Struggle remains for Hamilton firefighters one year after tragedy

Memorial service this morning to mark one-year anniversary of Patrick Wolterman’s death.

The pending murder trial and investigations after the death of Hamilton firefighter Patrick Wolterman one year ago today have taken their toll on the Hamilton Fire Department.

“We still see guys having troubles,” Tony Harris, president of Hamilton IAFF Local 20, told the Journal-News last week after a court hearing for the man accused in Wolterman’s death. “We have guys who were there that night who struggle and we have people who weren’t there struggle. It’s going to be a challenge over the next few weeks.”

Wolterman died Dec. 28, 2015, from injuries he sustained while battling a blaze at a Hamilton home. He was the department’s first fatality in the line of duty since 1971.

The fire was later ruled an arson. Lester Parker, 66, the owner of the Pater Avenue home, is charged with murder and aggravated arson.

MORE: Owners of home where arson occurred refused to discuss insurance claim

Wolterman, 28, entered the house fire after learning an elderly couple was possibly trapped inside. He died attempting to save lives.

“What Patrick gave was the ultimate sacrifice and we certainly hurt thinking about that … his bravery,” Harris said. “We think about his family and how they have let us in to their mourning and that has helped us heal too. Whatever we are going through takes a backseat to what they are dealing with.”

Firefighters have packed the courtroom at each of Parker’s hearing, and Harris said firefighters will be present throughout the court hearing to support Wolterman’s family. In fact, when TV cameras attempted last week to film Wolterman’s widow, Bre, sitting in the courtroom, three Hamilton firefighters moved to stand in front of her.

Harris said the past year has also been marked an outpouring of support from the city and its residents.

“People have just walked up and said ‘thank you’ or brought in cookies,” he said. “We are a blue collar department that has been shown love and respect by a great city.”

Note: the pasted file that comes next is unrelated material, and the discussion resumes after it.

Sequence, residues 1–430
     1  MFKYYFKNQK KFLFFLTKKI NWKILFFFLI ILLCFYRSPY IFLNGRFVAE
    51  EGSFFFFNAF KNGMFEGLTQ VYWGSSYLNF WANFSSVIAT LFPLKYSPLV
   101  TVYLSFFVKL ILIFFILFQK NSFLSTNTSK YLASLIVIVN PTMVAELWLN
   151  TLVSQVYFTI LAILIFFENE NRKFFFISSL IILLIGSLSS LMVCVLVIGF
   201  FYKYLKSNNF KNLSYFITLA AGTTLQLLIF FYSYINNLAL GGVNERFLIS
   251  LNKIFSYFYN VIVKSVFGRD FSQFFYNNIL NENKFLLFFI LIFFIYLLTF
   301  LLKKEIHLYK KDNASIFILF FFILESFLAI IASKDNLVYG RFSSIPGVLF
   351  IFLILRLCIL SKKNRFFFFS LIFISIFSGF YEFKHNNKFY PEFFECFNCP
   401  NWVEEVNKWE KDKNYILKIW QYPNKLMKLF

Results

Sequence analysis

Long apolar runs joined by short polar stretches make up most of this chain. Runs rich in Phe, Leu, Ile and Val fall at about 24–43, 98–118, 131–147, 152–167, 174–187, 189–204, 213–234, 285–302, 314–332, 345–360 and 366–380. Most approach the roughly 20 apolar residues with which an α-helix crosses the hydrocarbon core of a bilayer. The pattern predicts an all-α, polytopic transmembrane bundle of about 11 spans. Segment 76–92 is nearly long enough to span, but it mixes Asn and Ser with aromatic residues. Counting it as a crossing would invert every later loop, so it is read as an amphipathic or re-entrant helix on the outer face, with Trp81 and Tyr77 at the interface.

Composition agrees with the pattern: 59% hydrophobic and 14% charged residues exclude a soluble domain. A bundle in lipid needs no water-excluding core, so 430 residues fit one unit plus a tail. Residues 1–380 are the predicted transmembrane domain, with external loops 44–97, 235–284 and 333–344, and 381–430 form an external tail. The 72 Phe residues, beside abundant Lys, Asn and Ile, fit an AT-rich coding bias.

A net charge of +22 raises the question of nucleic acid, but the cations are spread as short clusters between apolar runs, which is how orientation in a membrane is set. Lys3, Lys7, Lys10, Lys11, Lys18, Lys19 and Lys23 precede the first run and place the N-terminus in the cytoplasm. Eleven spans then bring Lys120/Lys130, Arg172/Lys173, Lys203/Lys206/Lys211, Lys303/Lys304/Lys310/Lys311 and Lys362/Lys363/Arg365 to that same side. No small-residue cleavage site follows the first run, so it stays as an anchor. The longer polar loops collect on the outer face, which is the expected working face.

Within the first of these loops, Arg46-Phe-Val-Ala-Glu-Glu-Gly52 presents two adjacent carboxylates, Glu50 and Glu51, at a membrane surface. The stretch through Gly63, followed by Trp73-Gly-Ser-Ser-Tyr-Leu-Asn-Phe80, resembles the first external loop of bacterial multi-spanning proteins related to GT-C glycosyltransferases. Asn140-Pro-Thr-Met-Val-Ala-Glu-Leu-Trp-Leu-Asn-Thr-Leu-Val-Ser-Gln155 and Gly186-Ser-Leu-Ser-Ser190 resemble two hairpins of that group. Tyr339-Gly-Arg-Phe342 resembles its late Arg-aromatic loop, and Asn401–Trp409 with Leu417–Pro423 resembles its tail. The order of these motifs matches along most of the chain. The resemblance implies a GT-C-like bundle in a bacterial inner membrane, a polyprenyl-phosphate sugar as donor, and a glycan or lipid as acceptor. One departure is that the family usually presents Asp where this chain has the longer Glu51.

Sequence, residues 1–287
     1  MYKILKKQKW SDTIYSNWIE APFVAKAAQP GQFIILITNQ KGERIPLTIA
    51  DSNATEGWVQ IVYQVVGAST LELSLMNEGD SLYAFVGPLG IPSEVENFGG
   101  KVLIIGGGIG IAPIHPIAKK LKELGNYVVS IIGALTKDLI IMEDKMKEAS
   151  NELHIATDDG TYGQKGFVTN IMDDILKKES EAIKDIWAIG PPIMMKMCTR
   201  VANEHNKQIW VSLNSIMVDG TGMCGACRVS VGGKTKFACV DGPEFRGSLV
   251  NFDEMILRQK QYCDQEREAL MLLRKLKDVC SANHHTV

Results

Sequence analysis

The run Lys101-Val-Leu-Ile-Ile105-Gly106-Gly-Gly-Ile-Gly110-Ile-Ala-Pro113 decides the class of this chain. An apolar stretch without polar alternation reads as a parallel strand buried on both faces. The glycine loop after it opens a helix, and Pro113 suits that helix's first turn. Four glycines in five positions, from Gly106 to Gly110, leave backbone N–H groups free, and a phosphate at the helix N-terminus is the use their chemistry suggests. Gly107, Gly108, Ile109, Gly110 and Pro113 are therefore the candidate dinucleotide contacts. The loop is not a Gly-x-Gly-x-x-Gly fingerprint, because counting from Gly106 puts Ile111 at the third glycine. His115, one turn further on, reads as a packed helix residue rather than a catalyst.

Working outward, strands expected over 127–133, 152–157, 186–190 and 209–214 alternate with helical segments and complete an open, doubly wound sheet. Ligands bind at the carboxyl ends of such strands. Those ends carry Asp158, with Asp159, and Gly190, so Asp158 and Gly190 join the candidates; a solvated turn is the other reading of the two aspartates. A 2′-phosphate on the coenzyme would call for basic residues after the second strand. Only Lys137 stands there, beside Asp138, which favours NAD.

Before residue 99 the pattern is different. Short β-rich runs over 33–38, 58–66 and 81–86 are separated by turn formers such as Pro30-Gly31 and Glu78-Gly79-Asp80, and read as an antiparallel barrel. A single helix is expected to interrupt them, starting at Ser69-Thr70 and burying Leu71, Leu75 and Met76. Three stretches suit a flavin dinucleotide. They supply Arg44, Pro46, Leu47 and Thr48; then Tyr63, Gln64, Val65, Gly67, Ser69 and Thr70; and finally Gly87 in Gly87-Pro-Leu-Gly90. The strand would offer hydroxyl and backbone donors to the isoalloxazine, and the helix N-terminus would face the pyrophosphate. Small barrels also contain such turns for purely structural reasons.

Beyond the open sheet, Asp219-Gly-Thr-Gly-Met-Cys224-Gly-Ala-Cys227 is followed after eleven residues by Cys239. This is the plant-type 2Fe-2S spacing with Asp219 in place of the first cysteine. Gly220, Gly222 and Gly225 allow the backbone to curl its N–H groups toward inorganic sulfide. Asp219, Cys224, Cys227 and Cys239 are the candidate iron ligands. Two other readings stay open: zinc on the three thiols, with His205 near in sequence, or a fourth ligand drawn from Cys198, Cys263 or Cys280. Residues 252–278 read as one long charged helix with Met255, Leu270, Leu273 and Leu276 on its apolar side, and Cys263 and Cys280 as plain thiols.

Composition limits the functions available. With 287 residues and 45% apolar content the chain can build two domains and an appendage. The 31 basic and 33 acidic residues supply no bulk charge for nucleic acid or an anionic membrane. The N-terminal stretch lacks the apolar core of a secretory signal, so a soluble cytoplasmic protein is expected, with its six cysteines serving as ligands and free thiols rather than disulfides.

In May, more than 800 runners and walkers — a majority who had never met Wolterman — participated in a 5K fundraiser that was organized by Wolterman’s widow and seven Hamilton firefighter wives.

In July, a special beer tapping for Wolterman was held at Municipal Brew Works.

Funds raised at both events offset the expenses of sending Hamilton firefighters and the department’s Honor Guard to the National Fallen Firefighters Memorial in Maryland and the International Association of Firefighters Memorial in Colorado.

Today, Hamilton will continue its embrace of Wolterman, his family and the city’s firefighters.

A public memorial ceremony will take place at 8:30 a.m. in front of the Fitton Center between Monument and Court streets.

Harris said today’s ceremony will be another way to bring healing.

“ One year later it is still very emotional for everybody, but especially for his family,” he said.

Doug Stern of the Ohio Professional Fire Fighters, said today’s memorial will be an opportunity to show respect for Wolterman and his family.

“He was a great firefighter and family man,” Stern said. “He was a low-key guy and this ceremony that is going to be brief and poignant is a perfect tribute to him.”

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